Sullivan Sullivan & McGuire, P.C. ${}${SEMFirmNameAlt}
Workers’ compensation & social security disability attorneys
Free Initial Consultation
Toll-free 866-662-9674
Denver 303-800-3460

Recovered Over $100 Million for Injured Workers

No attorneys' fees until we win
Practice Areas + Contact Us

Denver Workers' Compensation Law Blog

Study: Workers exposed to loud noises more likely to be hospitalized

There are a number of things that may come to mind when you think about the factors that contribute to a workplace injury in Denver County. In many cases, people picture construction sites, heavy equipment or toxic chemicals as the threats that can lead to on-the-job injury cases. As one recent study points out, noise may also play an important role.

A Canadian study estimates that as many as 30 million workers in the United States are exposed to circumstances that may lead to noise-induced hearing loss. According to one researcher, someone who encounters loud noise levels could experience fatigue and have a lowered ability to concentrate, and loud sounds can also affect workers’ communication. All of these consequences could lead to reduced safety in the work environment.

Blast in Colorado sends transportation worker to the hospital

Some jobs require employees to work in a location other than an office. For some people, out-of-town conferences or lunch meetings are the extent of working outside the cubicle. For other Colorado employees, the locale is a bit more dangerous. An individual who has suffered a work injury is entitled to seek workers’ compensation no matter where the incident occurred. As one recent incident reminds us, some people are at higher risk than others.

The Seven Sisters in Colorado is an area that has steep chasms that are filled with ice and snow. Recently, several state Department of Transportation employees were working on Loveland Pass, firing off avalanche shells. According to a spokeswoman with the department, an incident around daybreak injured two workers.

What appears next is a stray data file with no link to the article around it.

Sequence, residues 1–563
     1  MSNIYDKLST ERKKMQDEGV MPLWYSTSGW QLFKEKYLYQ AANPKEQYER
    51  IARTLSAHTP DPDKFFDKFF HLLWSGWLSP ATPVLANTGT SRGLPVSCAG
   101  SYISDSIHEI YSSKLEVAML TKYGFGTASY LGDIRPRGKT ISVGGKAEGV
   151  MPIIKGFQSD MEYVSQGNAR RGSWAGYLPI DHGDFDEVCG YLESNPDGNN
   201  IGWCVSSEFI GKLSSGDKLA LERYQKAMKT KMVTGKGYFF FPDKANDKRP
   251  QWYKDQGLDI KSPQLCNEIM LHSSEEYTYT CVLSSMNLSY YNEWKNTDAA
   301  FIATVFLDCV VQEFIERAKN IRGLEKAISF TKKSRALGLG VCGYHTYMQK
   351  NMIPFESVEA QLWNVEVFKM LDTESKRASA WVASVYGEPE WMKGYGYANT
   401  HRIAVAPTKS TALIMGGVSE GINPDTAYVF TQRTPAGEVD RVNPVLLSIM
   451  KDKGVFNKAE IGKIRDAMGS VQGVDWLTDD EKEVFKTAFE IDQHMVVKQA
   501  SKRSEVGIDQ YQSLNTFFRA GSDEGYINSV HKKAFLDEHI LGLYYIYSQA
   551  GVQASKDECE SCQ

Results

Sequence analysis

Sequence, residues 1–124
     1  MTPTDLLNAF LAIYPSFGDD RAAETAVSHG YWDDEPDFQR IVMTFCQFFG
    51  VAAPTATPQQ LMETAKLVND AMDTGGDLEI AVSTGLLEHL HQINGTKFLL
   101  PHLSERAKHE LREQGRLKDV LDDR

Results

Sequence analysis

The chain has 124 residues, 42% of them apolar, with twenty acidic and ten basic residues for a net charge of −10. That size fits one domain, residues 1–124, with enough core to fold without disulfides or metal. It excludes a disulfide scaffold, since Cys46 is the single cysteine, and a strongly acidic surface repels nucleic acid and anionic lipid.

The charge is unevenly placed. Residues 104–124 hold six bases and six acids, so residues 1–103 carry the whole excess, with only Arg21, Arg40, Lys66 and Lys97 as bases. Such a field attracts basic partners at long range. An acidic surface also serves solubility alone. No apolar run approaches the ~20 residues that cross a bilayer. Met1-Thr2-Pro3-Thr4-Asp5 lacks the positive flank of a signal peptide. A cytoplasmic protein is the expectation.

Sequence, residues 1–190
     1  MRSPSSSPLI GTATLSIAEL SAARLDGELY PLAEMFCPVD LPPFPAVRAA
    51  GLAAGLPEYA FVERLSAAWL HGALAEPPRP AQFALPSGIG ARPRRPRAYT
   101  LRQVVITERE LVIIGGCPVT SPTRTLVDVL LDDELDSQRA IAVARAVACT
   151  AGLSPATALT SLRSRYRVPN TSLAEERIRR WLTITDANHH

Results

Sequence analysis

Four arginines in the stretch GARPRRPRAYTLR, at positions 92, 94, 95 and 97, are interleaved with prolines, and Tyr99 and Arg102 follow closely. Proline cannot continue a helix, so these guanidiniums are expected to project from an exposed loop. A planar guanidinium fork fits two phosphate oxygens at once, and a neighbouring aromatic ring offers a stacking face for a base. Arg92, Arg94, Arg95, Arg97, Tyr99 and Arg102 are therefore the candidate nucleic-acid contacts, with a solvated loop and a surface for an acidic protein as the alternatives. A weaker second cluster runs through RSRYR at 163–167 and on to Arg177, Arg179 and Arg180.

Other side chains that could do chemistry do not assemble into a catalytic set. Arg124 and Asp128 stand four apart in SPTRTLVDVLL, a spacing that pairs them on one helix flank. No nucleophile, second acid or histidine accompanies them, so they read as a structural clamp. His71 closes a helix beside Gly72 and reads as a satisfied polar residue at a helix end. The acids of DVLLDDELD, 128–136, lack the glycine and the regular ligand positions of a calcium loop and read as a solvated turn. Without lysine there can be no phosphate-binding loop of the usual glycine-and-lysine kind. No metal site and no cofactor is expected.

Two separate incidents injure employee on the job

There are many jobs that come with physical requirements. Employees in Denver County may be expected to be able to lift a certain amount of weight or otherwise perform strenuous activities. It is important for both the worker and the company to have a clear understanding of the job’s demands and the employee’s capabilities. A misunderstanding can cause someone to suffer a work injury. A recent incident illustrates that point.

Last month, a Texas man filed a lawsuit alleging that his employer did not provide a safe working environment. Additionally, the suit states that the company failed to provide the proper equipment to execute his tasks. The suit was brought to court after two incidents that caused the man injury.

Construction site accident results in drowning death